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LAND 4503 contenders lined up to present Tiger replacement

A group of diverse contenders have launched their final bids to replace and, in some cases, enhance the Australian Army’s armed reconnaissance helicopter capability.

The Australian Army is planning to replace the current fleet of EC665 Tiger armed reconnaissance helicopters (ARH) from the mid-2020s as identified in the 2016 Defence White Paper: "The government will replace the 22 Tiger armed reconnaissance helicopters with a new armed reconnaissance capability from the
mid-2020s."

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The acquisition strategy aims to reduce operational and in-service risk, and to allow the Australian Army to rapidly achieve operational milestones for the replacement armed reconnaissance capability, while achieving value for money.

LAND 4503's program of delivery aims to support the Australian Army and is designed to contribute to the creation of the modernisation and development of a 'networked and hardened' Army, the acquisition is broken down into three delivery stages beginning with projected IOC in 2026 and FOC in 2028, including: 

  1. Up to 24 aircraft would be based at one primary location and another five are intended at a training location. The aircraft fleet may also be co-located in one primary location, however this is yet to be determined.
  2. IOC for LAND 4503 is based on a squadron of up to 12 aircraft. This organisation would be capable of generating a deployable troop of four aircraft, continued force generation of four aircraft, and an initial build-up training element of four aircraft. IOC will be supported by trained personnel and support systems.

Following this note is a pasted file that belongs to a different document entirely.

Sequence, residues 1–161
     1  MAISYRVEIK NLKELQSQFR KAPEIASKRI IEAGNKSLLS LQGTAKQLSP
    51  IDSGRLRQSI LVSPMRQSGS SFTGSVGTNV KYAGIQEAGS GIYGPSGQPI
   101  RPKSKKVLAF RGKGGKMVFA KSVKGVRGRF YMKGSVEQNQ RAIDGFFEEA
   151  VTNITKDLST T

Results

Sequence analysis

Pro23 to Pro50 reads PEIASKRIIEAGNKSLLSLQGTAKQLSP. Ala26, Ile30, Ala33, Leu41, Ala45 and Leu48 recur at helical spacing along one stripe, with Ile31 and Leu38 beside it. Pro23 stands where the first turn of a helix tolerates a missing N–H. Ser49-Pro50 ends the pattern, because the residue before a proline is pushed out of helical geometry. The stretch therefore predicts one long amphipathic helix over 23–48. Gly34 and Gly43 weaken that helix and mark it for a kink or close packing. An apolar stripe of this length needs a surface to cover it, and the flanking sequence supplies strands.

3. FOC for LAND 4503 is based on a regiment of up to 24 aircraft. This organisation would be capable of generating multiple concurrent deployed forces of up to squadron size. FOC will also be supported by a mature training system of up to five aircraft, with trained personnel and support systems.

Bell's Viper prepared to strike

Bell, a subsidiary of Textron, is presenting the AH-1Z Viper, currently in service with the US Marine Corps, which has been designed and built to support the expeditionary and maritime-centric focus of operations conducted by the US Marines.

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A Bell spokesperson told Defence Connect, "The AH-1Z Viper is the only marinised attack helicopter that offers:

  1. An increase in capability – can conduct air-to-air and air-to-ground on the same sortie simultaneously; and can operate equally well afloat or ashore without any degradation in capabilities;
  2. An increase in safety - specifically designed for overwater missions, and for shipboard and expeditionary environments;
  3. A decrease in risk – made to operate on board ship with proven capabilities and without any degradation in capability, thus providing low cost options to government; and
  4. A decrease in acquisition costs and total cost of ownership – significantly lowest cost per flight hour and total life cycle cost, no requirement for expensive contractor maintenance."

Marinisation also includes all new advanced composite rotor blades and yoke style main rotor hubs that significantly outperform legacy “strap-pack” type systems, which are prone to corrosion and failure.

It also includes semi-automatic blade folding for quick stowage either on board ship or for rapid C-17 deployment, rotor brakes, ease of maintenance, electromagnetic environmental effects (E3) hardening, which provides safety against the ship’s powerful radars and other sensors from interfering with aircraft on board weapons and systems.